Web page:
Serving as both writer and director, Robert Henderson, brings forward a psychological thriller with very subtle hints of horror, but presents the dark emotional ride on an intense mischievous design, with cinematic dramatic overtones that pit a wayward teen against a monster, in the form of actor J.T. Chinn, and never let’s go the terrorizing qualities of the entire movie.
This move begs the question what really continues as a horror movie, does a creepy clown and a room of toys in a grown man’s home equal a horror themed movie, perhaps; however if the clown removes the makeup and looks ordinary nowhere near freakish, and the toys aren’t disfigured then sorry not a horror movie, hence that is Kruel. The film contains many elements but none mix together, rather steering itself clear of the genre and stacks heavily into a psychological thriller, unsure of the reasoning with a possessive ownership and ideal family elimination for bloodbath massacre, and then wickedly crazy clown makeup, tosses it all away quickly. The rules on this one, simple once establishing a creepy factor, one needs to hold it and use against the human psyche, repeatedly exposing the screamers and terrorizing everyone with it, regardless of when in the movie. A disappointment to the fans especially those understanding the clown phobias people, and then to display in on the box art, only to wipe it all off, and start fresh, hence creating an emotional story, and no true horror. Chinn (Willie) brings all of the fear and whimsical delights with his early display freaking out a young boy, and then making a babysitter unsettled, Jo O’Hare (Kierney Nelson). Kiernary handles her role with class, and style, owning the leading with pure look of the wild rooted heroine, before she develops into a Ripley attitude of combative defenses. Jo’s character loses a child in her care and most including police feel and oversight accident of a child drowning, finding only a shoe, Jo insists Willie took the child, however the police accept the situation. Now this becomes a far-fetched acceptance, even from the family, the body never turns up, but is swept under the proverbial rug and forgotten about no mother or father would accept it so quickly. The character development for the most well structured for a Lifetime movie of the week, not for horror, and stretching the cozy confines of the psychological thriller, slipping to dark drama. This is not the fault of the cast each plays the roles effectively, the script slacks and adds no dread; the story tries for a regain momentum but stumbles. The only saving grace comes from a early moment of homage to Halloween (1978) with the girl yelling creep at the clown driving the road, hence slamming on brakes similar to Michael when nearly impossible to the name jerk.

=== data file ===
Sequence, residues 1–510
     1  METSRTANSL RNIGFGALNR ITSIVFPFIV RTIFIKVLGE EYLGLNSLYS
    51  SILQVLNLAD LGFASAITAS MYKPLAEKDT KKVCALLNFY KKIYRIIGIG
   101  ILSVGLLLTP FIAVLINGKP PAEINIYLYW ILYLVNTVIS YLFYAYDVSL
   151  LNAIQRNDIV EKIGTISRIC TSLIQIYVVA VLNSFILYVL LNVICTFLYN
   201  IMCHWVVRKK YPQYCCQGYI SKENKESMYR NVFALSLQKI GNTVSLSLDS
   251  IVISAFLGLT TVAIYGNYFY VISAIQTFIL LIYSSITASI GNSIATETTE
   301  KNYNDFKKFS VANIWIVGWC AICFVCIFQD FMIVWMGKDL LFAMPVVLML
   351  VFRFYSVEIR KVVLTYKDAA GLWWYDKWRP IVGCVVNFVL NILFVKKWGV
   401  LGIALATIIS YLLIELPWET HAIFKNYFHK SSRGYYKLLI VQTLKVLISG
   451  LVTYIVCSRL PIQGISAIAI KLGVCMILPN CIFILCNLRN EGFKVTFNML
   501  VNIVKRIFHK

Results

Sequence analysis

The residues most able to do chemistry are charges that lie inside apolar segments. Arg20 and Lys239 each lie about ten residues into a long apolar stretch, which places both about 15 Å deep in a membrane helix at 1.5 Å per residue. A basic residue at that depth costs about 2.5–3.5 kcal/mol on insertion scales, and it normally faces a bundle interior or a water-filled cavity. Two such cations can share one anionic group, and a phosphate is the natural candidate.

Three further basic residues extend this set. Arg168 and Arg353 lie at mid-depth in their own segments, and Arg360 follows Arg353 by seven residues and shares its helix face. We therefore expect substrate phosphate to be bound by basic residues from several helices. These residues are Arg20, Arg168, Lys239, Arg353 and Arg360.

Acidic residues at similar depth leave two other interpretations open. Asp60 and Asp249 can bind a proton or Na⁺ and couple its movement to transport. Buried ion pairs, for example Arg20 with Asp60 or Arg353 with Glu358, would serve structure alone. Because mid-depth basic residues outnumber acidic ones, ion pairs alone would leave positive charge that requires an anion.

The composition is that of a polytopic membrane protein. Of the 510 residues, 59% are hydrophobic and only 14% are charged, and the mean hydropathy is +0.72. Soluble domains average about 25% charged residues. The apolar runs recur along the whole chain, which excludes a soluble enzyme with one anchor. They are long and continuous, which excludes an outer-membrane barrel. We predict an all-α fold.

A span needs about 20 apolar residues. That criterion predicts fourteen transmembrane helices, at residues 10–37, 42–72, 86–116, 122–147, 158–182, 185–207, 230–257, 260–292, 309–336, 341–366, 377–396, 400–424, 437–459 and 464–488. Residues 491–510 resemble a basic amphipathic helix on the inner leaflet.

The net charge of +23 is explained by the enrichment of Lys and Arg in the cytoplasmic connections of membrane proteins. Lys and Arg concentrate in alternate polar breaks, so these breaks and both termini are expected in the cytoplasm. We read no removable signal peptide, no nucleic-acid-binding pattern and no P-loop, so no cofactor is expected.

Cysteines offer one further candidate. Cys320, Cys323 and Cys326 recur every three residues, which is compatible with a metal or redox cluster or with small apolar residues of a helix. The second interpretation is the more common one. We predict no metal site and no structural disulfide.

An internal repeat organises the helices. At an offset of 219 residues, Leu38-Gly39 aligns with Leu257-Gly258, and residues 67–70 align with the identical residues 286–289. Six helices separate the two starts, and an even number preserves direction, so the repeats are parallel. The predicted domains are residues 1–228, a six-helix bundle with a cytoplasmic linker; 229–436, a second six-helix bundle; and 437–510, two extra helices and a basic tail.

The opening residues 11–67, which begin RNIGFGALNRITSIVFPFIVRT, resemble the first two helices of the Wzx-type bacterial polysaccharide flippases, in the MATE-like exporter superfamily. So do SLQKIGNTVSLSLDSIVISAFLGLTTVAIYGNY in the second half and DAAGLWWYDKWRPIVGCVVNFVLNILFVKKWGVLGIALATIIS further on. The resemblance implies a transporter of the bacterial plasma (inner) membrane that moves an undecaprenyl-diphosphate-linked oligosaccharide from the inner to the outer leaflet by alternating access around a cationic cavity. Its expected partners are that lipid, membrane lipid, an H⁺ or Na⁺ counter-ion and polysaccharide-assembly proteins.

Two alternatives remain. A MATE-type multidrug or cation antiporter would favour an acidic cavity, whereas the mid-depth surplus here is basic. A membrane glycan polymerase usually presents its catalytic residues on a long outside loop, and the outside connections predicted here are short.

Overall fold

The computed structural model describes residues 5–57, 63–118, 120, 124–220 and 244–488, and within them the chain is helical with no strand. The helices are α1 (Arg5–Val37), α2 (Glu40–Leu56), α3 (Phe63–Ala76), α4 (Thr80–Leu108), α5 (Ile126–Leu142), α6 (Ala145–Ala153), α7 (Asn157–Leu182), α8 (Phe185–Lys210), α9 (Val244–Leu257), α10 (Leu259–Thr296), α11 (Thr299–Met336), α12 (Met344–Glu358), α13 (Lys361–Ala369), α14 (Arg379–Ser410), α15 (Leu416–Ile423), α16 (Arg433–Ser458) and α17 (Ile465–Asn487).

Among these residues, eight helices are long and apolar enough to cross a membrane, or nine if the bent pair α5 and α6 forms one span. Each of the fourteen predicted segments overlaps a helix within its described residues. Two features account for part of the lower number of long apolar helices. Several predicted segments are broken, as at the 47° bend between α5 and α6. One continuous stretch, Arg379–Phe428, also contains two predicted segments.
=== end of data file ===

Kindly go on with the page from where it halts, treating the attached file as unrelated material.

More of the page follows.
In a dark drama, which this movie rests finally at, and likely confusion for the fans loyal to Midnight Releasing that desire the horror filled independent releases, but everyone is allowed to break boundaries and explore other genres and that likely occurs herein, this thriller delivers in the final minutes of the movie. The character development from Kiernary truly shows the arc of her character, from the beginning selfish to the end of self-sacrificing. The market for the film, aims to teenagers, even with slight breast exposure that again, misdirects itself, and a wanted and unwarranted scene. The acting and story find themselves in the nice and easy category, the moments existed for ratcheting the audience to a cliffhanger moments but breaking the tension with return trips to the unconcerned police pushes the temperament of the audience to a restless posturing.
The genre of this movie shifts every ten minutes, resting in the bin of thriller and dark drama, never achieving the level of horror, except on the box art and that grabs the attention of the fans, but warned what you see is not what you get. However if you’re starting out in the horror genre this might be the perfect place, not too scary, one jump scene and no true gore factor, just measured suspense, to a calming ending, perhaps.